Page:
“Adult” feels closed in, as if spontaneity must be set aside
for proper planning, a perfect shade of blue that never falters.
I'd rather grow up on a song and call it love,
let its shape evolve with every understanding.
We're passing a garage sale somewhere in the US,
bits of a family's history laid out on green tarps
beneath late afternoon sun, the vibrating kind,
its light bouncing off passing car roofs,
greening trees, pleasing children unaware.
My husband is drawn to browse.
I look back down at the screen in my lap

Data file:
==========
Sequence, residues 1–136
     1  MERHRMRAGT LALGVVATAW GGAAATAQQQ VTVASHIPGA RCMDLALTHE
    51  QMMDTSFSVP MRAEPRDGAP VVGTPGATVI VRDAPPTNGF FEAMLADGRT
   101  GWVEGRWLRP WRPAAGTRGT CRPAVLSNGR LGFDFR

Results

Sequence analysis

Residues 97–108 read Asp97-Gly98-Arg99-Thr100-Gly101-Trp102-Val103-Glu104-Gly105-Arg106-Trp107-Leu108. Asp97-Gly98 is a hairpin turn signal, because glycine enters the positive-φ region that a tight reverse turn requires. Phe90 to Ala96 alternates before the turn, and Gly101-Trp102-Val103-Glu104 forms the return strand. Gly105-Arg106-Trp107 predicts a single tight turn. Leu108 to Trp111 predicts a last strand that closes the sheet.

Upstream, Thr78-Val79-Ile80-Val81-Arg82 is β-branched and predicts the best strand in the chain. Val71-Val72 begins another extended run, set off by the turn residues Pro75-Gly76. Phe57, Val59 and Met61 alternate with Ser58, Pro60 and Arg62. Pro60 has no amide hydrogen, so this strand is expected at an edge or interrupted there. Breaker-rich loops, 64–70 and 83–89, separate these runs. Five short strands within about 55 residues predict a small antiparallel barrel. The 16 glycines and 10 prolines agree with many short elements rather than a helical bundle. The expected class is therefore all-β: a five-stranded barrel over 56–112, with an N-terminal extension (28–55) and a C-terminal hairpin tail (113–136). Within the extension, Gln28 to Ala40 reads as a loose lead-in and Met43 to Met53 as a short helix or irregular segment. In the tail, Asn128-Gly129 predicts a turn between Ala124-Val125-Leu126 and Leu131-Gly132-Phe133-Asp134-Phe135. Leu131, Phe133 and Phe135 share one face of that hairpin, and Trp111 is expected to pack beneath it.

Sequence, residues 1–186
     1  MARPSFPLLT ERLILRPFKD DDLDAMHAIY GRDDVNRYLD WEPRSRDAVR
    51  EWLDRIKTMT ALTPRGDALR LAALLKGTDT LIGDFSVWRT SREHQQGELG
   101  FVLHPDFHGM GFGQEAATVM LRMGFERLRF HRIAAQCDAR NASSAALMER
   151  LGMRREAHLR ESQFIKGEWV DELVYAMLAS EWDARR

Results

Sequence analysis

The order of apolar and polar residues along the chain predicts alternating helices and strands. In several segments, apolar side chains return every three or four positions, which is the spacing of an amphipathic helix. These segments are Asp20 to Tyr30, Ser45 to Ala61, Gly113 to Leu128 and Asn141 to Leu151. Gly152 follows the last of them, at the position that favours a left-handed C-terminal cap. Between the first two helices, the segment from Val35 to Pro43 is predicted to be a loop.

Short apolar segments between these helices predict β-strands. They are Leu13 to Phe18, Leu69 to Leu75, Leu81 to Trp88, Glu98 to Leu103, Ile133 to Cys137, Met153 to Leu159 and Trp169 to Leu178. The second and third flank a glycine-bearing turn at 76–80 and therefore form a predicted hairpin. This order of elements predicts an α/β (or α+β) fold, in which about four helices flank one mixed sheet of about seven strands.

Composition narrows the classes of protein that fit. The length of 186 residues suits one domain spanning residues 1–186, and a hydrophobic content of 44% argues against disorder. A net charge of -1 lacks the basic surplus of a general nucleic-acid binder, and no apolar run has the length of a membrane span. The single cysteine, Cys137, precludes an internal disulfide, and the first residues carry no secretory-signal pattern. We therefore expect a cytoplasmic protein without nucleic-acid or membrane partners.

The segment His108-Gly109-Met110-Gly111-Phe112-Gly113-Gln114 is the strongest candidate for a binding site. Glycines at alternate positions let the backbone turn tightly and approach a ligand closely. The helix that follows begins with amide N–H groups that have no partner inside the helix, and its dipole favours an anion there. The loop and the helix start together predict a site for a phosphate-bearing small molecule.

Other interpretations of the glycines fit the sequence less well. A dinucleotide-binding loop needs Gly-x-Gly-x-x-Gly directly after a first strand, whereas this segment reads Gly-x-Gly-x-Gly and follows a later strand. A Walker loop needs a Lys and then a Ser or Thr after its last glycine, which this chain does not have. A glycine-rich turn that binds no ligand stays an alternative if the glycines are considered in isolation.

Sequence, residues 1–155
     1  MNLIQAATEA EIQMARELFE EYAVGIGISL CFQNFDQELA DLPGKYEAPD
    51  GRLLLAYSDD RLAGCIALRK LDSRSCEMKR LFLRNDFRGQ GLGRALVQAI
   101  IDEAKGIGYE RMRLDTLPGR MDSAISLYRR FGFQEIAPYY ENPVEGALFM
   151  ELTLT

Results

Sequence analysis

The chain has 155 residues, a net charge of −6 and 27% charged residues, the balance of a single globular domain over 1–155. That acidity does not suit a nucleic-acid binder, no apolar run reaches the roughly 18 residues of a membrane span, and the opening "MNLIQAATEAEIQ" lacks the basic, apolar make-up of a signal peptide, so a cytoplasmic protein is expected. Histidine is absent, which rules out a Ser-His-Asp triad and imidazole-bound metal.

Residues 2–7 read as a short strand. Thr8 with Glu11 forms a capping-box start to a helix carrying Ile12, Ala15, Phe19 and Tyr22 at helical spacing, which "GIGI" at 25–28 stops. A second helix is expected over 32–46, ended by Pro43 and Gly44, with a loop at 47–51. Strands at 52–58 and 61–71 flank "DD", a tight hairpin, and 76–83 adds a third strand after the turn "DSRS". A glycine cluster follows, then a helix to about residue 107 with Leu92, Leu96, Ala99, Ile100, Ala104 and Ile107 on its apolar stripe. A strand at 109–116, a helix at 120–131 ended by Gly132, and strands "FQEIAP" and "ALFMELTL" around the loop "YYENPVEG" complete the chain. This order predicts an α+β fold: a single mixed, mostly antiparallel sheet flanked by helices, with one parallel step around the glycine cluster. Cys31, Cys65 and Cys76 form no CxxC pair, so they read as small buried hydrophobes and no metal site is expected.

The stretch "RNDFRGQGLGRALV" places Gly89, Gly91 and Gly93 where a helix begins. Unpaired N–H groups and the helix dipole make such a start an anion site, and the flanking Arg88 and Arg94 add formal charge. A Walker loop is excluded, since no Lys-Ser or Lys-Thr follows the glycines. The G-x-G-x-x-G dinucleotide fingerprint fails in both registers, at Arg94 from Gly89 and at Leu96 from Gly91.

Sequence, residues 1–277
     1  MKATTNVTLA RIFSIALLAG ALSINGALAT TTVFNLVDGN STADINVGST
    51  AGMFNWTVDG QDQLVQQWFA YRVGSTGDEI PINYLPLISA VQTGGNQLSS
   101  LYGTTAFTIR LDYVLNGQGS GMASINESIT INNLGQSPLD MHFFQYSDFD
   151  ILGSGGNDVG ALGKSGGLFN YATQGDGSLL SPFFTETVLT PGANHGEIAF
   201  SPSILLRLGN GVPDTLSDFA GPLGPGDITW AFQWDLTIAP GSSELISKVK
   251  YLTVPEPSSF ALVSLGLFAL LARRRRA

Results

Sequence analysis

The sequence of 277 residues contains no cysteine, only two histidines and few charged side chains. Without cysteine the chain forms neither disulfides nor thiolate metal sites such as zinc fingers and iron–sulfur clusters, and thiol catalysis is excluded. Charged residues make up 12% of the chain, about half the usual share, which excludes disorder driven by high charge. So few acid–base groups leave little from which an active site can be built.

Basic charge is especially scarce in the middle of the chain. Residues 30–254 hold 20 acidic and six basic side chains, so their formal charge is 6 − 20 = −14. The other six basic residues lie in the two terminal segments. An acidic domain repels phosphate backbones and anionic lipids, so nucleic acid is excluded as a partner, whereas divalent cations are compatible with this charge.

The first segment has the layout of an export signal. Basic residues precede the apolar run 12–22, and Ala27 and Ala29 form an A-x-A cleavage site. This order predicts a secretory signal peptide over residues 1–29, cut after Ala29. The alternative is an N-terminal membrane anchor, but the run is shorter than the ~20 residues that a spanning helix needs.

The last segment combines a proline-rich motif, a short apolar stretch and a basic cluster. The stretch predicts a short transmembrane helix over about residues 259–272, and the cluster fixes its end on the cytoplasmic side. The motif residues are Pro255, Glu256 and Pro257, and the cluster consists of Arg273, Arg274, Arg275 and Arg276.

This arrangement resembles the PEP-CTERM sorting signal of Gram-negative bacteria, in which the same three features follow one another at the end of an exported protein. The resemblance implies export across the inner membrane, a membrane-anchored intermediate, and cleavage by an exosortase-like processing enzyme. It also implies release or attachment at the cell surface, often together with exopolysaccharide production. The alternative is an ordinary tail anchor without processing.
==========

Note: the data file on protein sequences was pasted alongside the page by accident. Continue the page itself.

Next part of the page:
grateful he keeps driving west,
think vaguely of the hours purging last summer,
our own lawn tarps covered in low-priced,
well-used gifts, thoughtful and thoughtless purchases
proved useful, empty floors freshly Swiffered,
bare walls, clean cabinets, our foot steps echoing
up and down double-checked walkways
before we locked the front door for the last time.
The open road offers its own challenges,
a vast space in which to listen to years gone by,
friendships we forget to connect to the future
and regret for such carelessness, a vague familiar
created by industry but nothing to memorize
as daily outside of our small traveling setup,
and a shimmering quiet asking us to fill it
with acted-on good intentions,
like singing with the family more,
writing now that time has opened,
and being awake for every sunrise,
knowing the long day stretches out,
waiting to see if we will keep our word.